Seven — Focus: Anunoby and VanVleet are the two Raptors players who consistently deliver on defense, even if it leaves them with nothing else on offense. VanVleet had four blocks in the first quarter to bring his total on the season to 33 (which is almost twice as many as Baynes who starts at center) and racked up five steals to power the Raptors on the break. Anunoby also had three steals and a block, and found another gear down the stretch, forcing multiple shot-clock violations as he harassed every player who had it going on the Thunder. Unfortunately, his teammates couldn't secure the boards, but Anunoby's effort does not go unappreciated.
Eight — Woes: The Raptors continue to lose bodies. Stanley Johnson checked out after appearing to step on an ankle, but Nick Nurse said he should be okay to return for the next game. Rodney Hood wasn't so lucky, as he is set for an MRI with Nurse hinting that it could be a longer term issue. Hood was shaping up to be a badly-needed bench player, but he also has a long track record of injuries and it's just unfortunate that he may be out yet again.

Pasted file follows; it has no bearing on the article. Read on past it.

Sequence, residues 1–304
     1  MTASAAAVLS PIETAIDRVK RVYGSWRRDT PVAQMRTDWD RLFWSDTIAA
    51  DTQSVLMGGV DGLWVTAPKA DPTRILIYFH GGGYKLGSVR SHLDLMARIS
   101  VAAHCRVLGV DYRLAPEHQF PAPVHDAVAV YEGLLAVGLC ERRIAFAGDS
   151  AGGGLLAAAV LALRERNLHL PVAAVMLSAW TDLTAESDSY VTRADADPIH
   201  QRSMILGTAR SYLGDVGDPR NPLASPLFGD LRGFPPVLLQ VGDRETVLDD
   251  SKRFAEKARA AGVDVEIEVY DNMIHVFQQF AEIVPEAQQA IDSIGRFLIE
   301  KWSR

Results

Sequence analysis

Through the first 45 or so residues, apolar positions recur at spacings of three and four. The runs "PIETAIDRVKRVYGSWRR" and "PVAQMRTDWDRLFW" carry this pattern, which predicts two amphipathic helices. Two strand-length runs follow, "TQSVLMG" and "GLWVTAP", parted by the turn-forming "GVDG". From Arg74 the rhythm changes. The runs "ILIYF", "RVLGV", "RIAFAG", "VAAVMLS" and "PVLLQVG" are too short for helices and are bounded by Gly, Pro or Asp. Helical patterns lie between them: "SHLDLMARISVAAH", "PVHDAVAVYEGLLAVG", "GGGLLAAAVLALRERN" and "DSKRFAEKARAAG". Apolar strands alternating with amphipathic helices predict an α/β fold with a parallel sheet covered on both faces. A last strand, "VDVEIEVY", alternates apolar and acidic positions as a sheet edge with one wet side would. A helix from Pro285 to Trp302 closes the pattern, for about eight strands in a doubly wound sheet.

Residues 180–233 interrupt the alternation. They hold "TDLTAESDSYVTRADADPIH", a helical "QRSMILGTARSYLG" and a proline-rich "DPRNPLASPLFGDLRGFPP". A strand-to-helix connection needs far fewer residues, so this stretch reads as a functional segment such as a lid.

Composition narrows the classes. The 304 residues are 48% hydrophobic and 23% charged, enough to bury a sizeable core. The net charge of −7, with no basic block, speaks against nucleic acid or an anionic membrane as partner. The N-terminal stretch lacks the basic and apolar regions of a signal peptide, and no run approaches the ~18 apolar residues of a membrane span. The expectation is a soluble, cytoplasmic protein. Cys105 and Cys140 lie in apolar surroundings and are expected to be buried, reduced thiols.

Nine — Thin: To count, the Raptors have five players injured in Lowry, Johnson and Hood, while Pat McCaw is experiencing knee swelling and Jalen Harris has a hip pointer. Two players in DeAndre' Bembry and Paul Watson are in COVID protocols and it seems to be more than just contact tracing. That's half the roster being out, and Nurse's only options in the fourth quarter were Baynes, Boucher, Malachi Flynn and Yuta Watanabe. The Raptors have two open roster spots and even if they are just looking at 10-day options, it would be cruel of the front office not to supplement the team with more signings.
Ten — Luck: The only hope is that the Raptors' rotten luck is repaid at the draft lottery. The Raptors are only a half-game above the Cavaliers for the fifth-best odds, and due to recent reforms, there is no need to lose abhorrently and shamelessly just to stack the odds. The fifth spot has a 42 percent chance at a top-four pick, as compared to 52 percent for the three worst teams in the league. The Raptors are sliding so bad that they might end up in that group anyway, but they have room to win a game or two to improve their psyche and their mood without affecting any future considerations. Of course, the players themselves don't tank, and it's not even clear if the front office intends to either, but fans are clinging to whatever they can.